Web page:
I am forced to say little of them.

Her beauty rains flamelets of fire,

Kindled by a noble spirit

That is the creator of all fine thoughts;

And like lightning they dispel

The innate vices that make men base.

So let those ladies who know her beauty,

Those blamed for not being calm, humble,

Gaze at her, humility’s exemplar!

This is she who humbles haughtiness:

Conceived by Him who moves the universe.

Canzone, you seem to contradict

The words of a sister of yours;

This lady, whom you say is humble,

She calls proud and disdainful.

You know the sky, ever bright and clear,

Is such, in itself, it is never clouded;

Yet our eyes, for many reasons,

Will say that a star appears dim.

Likewise, when she is called proud,

She is not seen according to the truth,

But only in accord with what she seems.

For my soul was full of fear,

And still fears, such that all I see

Of her seems proud, when she looks at me.

So excuse yourself should need arise;

When you can, present yourself to her,

Saying: ‘My lady, if it pleases you,

I will speak of you everywhere.’

Chapter I: Love of the New Lady

As I explained in the previous book, my new love took its beginning from the compassionate countenance of a lady. This love, finding my life pre-disposed towards ardour, blazed like a fire from small flames to great, so that her light penetrated my mind, waking and sleeping. The intensity of the desire to see her which Love inspired in me can neither be told nor understood. I was full of desire, in this way, not only for her but for all those close to her, whether acquaintances or kin. How many were the nights when my eyes gazed intently on my love’s dwelling-place, when those of others were closed in sleep! Just as a spreading fire cannot remain hidden, but must show itself abroad, the desire to speak of love, which I was not wholly able to restrain, overcame me. Though I was unable to exercise enough control over my own mind, nevertheless several times I so nearly achieved it, either through Love’s purpose or my own boldness, that on reflection I realised that no speech was lovelier or more profitable in speaking of love, than that which praises the person loved.

Three reasons led me to this conclusion: the first of which was my own self-love, which is the root of all other love, as all can see. For there is no more gracious or fitting way for a person to honour himself than by honouring a friend; since there cannot be friendship between those who are wholly unalike, wherever friendship is seen a likeness is understood to exist; and praise and blame are bestowed in common on whatever shares a likeness. From this two great lessons should be learned. The first is that one should not desire anyone prone to vice as a friend, because no good opinion is formed of those they befriend; the second is that no one should criticise a friend publicly, since, if the foregoing is considered closely, he is thrusting his finger into his own eye.

The second reason was a desire for this friendship to endure. Understand that, as Aristotle says in the ninth book of the Ethics, that in order to preserve a friendship between persons of unequal rank a relationship must exist that transforms dissimilarity into similarity, such as that for example between master and servant. Though the servant on receiving a benefit from his master cannot return a like benefit to him, he must nevertheless render what best he can spontaneously and with solicitude such that what is in itself dissimilar will become similar by a display of goodwill. Once goodwill is displayed, the friendship is strengthened and preserved. Thus, considering myself inferior to the lady and finding myself indebted to her, I resolved to praise her, according to the extent of my power, which if not similar to hers, at least might reveal my zealous desire. If I were able to do more, I would do so. In this manner my power becomes similar to that of this noble lady.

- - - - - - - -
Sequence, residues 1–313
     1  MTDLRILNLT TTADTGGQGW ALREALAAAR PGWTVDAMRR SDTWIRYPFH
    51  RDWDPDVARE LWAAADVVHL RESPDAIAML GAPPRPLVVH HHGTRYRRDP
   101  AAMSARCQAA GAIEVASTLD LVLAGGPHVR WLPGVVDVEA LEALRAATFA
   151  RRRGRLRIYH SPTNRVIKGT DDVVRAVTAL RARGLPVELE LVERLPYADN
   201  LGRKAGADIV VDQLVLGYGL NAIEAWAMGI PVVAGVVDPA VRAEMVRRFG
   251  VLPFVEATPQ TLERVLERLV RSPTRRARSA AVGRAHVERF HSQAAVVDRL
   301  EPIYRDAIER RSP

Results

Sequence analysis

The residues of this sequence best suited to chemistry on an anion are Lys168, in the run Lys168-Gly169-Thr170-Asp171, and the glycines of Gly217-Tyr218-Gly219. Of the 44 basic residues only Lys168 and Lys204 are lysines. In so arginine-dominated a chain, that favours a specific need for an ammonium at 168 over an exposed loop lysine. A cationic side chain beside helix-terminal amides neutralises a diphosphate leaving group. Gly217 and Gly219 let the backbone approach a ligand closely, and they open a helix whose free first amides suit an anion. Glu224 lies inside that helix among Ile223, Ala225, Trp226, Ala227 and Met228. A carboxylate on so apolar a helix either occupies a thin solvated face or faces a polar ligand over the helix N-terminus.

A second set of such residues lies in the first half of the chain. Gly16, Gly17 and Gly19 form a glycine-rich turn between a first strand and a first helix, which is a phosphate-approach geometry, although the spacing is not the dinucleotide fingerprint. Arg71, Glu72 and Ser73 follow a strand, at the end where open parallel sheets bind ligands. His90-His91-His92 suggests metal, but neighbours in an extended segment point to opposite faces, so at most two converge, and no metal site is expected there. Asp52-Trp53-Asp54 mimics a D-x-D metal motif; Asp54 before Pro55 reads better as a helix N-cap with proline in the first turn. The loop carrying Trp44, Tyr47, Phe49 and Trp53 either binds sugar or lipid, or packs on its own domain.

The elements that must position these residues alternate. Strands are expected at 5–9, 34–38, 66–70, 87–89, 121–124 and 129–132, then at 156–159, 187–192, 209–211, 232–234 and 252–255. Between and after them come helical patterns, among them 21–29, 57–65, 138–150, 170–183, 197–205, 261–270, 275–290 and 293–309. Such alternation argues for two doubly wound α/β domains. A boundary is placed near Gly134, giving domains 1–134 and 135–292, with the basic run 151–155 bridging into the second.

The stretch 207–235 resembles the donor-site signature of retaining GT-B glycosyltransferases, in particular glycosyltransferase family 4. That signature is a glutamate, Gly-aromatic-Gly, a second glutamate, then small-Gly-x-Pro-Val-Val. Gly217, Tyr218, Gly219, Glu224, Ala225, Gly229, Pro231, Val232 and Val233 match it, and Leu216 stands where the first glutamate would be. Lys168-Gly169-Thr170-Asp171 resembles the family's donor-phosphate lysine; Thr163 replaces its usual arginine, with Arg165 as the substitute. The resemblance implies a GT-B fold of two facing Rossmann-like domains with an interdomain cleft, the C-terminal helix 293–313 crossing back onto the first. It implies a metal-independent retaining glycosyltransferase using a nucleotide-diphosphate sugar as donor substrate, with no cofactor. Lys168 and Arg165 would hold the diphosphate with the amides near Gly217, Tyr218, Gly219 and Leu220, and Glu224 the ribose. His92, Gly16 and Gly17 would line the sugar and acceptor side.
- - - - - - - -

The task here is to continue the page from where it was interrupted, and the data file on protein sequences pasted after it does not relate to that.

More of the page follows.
The third reason was an argument due to foresight. As Boethius says ‘It is not sufficient to see only what lies before our eyes,’ that is, the present time: thus, we are given foresight, which looks forward to what may happen in the future. I thought I might be criticised by posterity for inconstancy of mind, when they saw that I had turned from my first love. To dispel this there was no better course than to explain who the lady was who brought about this change in me. By her obvious excellence an idea can be formed of her virtue, and by comprehending her great virtue, it would be perceived how the steadfast mind might nevertheless be changed by it, which would temper the judgement that I was inconstant and not steadfast. I therefore decided to praise this lady, and if not adequately, at least to the degree that I was competent; and I began, saying: Love, that speaks to me within my mind.

The canzone has three main sections. The first consists of the whole first stanza which acts as a preface. The second consists of the three succeeding stanzas, which are concerned with what is to be said, namely, the praise of this noble one, of which the first begins: The sun, that circles the whole world. The third section consists of the fifth and last stanza which addresses the canzone itself, and resolves a certain confusion arising from it. These three sections will be discussed in order.

Chapter II: Soul and Mind

Beginning with the first section, devised as a proem to the canzone, I say that it in turn should be sub-divided into three parts. Firstly, it touches upon the ineffable quality of the theme. Secondly, it describes my inability to handle the theme perfectly, and this part begins: Surely I am forced to leave aside. Finally, I excuse this inadequacy whose fault does not lie in me, and this part begins: Thus, if my verses are defective.